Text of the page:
How to Keep Your Houseplants Alive and Thriving This Winter
In the winter, our houses get drier, temperatures get colder, and hours of sunlight get shorter.
An extra sweater or two might work for us, but make sure your houseplants are also getting the care they need this winter. Make these seasonal changes to keep your indoor greenery happy during their dormant winter months.
Adjust Your Watering Routine
While the air is much drier in the winter, your plants don’t need more water; in fact, they’ll need somewhat less.
Houseplants don’t grow much during the colder months – they can even go completely dormant – so your typical watering routine might be too generous. Since they aren’t using as much water to grow, giving indoor plants too much water can lead to over-moist soil and root rot. Look out for yellow leaves, which are a sign of overwatering, and avoid decorative pots that don’t provide adequate drainage.
If you water your plants about once a week in the summer, adjust to every 10-14 days in the winter. Keep the specific water needs of each plant in mind and modify their watering schedule proportionately. Some species of cacti, for example, might be able to go a month or longer without water, and others won’t need to be watered at all.
To check if a plant is ready for water, stick a finger into the soil down to the first knuckle to check for moisture and break out the watering can if it’s dry. Given the drier winter air, the soil on top of the pot will dry out faster, so always test the deeper soil to accurately assess moisture levels. Be sure to use room-temperature water as well; very cold water could shock the roots. Let a full watering can sit out overnight, or for at least an hour or so before using.
Because houseplants aren’t actively growing in the winter, delivering nutrients to the soil will only interrupt their natural cycle. Fertilizing dormant plants might do more harm than good, and could cause root burn and salt buildup in the soil. Over-fertilized plants will grow paler leaves and weaker, more spindly stems. Start feeding your plants again in the early spring, or once you start to see new growth.
Temperatures fluctuate much more in the winter, which can be hazardous for plants.
Keep them away from drafty doors and windows, as well as heat sources like fireplaces, radiators, air vents, or even electronic devices. In general, plants prefer temperatures around 75ºF, but temperature fluctuations are just as harmful as extremes, so be sure to keep temperatures constant.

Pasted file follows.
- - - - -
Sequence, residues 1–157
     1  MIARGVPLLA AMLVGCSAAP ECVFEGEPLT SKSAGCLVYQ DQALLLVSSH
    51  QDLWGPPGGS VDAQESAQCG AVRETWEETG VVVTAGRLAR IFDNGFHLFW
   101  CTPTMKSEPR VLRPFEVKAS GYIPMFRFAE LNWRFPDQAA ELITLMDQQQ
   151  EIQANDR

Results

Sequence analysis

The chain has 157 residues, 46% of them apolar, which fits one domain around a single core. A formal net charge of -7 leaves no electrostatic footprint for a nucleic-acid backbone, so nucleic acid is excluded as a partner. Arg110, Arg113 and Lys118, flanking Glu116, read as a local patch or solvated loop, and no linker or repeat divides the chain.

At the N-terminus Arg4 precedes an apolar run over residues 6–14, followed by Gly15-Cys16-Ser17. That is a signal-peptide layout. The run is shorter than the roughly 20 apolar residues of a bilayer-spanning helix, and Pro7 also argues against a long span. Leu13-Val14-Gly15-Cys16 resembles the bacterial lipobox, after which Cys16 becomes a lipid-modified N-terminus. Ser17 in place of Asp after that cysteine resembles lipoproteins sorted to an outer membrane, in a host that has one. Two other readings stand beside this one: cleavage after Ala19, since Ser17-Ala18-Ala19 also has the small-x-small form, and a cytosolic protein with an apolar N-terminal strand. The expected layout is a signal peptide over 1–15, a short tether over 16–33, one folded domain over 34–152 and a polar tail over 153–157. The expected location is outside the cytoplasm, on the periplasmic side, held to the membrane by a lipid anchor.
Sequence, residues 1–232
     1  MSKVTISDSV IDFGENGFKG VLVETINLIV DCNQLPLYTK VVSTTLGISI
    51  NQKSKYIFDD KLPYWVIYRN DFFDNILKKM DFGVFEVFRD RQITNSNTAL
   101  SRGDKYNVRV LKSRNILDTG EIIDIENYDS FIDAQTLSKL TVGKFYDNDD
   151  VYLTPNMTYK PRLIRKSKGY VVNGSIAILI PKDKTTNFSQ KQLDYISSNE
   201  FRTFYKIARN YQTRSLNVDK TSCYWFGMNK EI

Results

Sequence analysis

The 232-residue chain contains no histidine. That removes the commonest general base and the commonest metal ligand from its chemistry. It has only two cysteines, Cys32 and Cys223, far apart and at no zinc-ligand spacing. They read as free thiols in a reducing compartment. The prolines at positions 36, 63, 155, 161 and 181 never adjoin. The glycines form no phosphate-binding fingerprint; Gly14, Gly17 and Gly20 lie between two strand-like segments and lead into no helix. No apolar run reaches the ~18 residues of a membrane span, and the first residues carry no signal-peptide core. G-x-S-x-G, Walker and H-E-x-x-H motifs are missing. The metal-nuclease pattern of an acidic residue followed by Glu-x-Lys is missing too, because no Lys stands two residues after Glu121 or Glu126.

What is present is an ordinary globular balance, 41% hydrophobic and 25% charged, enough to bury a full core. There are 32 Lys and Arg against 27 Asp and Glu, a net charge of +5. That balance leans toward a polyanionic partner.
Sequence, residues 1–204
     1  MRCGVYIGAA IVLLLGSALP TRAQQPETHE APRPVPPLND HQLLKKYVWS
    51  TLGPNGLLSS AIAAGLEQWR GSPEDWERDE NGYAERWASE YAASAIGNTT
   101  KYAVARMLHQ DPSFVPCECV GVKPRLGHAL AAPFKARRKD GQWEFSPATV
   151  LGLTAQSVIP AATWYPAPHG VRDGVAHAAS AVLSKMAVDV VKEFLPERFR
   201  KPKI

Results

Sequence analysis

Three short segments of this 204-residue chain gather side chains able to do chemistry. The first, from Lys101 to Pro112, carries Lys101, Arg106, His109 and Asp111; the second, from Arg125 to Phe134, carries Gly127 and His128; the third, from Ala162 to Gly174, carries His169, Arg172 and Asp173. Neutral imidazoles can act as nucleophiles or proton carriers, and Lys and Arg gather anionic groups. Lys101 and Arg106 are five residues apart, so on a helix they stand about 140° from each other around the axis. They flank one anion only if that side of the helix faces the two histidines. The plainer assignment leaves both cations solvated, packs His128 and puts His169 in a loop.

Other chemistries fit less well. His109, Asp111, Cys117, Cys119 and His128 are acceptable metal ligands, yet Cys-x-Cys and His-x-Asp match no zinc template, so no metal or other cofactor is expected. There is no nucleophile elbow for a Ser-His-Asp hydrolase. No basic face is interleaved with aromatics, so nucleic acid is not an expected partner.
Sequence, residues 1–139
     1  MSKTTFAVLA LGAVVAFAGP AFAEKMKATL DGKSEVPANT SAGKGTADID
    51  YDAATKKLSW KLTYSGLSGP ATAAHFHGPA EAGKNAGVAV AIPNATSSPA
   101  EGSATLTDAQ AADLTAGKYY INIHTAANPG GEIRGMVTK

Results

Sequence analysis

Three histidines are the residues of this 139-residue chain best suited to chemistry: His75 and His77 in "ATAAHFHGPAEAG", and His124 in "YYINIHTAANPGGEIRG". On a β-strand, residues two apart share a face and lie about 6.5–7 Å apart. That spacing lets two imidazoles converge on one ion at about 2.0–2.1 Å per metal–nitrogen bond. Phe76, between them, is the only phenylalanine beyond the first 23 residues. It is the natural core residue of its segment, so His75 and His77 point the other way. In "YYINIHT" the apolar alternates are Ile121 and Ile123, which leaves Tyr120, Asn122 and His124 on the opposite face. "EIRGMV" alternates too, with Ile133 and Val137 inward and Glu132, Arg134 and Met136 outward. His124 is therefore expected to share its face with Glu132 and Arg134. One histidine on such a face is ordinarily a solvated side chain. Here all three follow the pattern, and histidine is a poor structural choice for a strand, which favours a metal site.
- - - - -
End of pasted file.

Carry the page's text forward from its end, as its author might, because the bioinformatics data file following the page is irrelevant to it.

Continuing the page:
Resist the urge to repot plants during their dormant months. Wait until the beginning of the growing season in the early spring to transfer them to larger containers.
Follow the Light
Days are shorter in the winter, which impacts the amount of sunlight indoor plants receive every day. Monitor how the winter light enters your house and consider repositioning plants so they receive as many hours of sunlight as possible. West- or south-facing windows usually offer the best lighting conditions, if you can make space for a pot or two on the windowsill. Consider what is happening outside the windows as well; trees drop their leaves in the winter, which might make areas that are darker in the summer more favorable in the winter. Windows should also be cleaned frequently to allow the maximum amount of light inside, and if plants start reaching towards the sun, rotate their pots periodically to even out the growth.
If you can’t give plants enough light in the winter (at least six hours), consider using a grow light. Remember that when substituting artificial light for natural light, plants need about double the amount of exposure – so, for a plant that needs six hours of daily sunlight, you’ll want to leave the grow light on for about 12 hours a day. Try, however, to use natural light as much as possible to cut down on unnecessary energy usage.
Keep It Clean
Dust buildup on plants can block their pores and even further decrease the amount of light they receive. With shorter days and less available sunlight, it’s even more important that they capture as much light as possible.
Dusty leaves can also harbor pests and disease, like spider mites that thrive in the dry air.
While plants are dormant in the winter, they can’t grow out of the damage they might incur. Make sure to remove pests and unhealthy leaves from plants, and wipe the dust off of their leaves with a slightly damp cloth, or with a small brush for hairy plants like cacti.
Most plants prefer about 50% humidity, but levels can drop to nearly 10% in homes in the winter.
Using a humidifier near your plants is a good option, but other low-tech solutions can be just as effective, like moving a few pots to areas of the home with high humidity, like the kitchen or bathroom. If you have space, try clustering plants together to create a humid microclimate; when they release water through transpiration, the others can capture that moisture. Otherwise, fabricate your own humidity. Misting plants in the summer can lead to fungal problems, but is a useful strategy during the winter. However, because warm indoor temperatures will evaporate the moisture very quickly, you’ll need to mist the area around your plants several times a day for it to be effective. Alternatively, place a container of water near the plants to evaporate into the air, or fill a tray with water and pebbles that rise above the surface of the water, then place pots on top of the pebbles (but not directly in the water).
Plants are a little less needy in the winter, but they can’t be neglected. If you’re heading out for a winter vacation, make plans for your plants ahead of time. Don’t worry if you’ll only be away from home for a week or less, but otherwise, consider having a plant sitter come by on watering day. Otherwise, thoroughly water plants before departing, then move them away from their light source so they’ll use less water and stay moist for longer.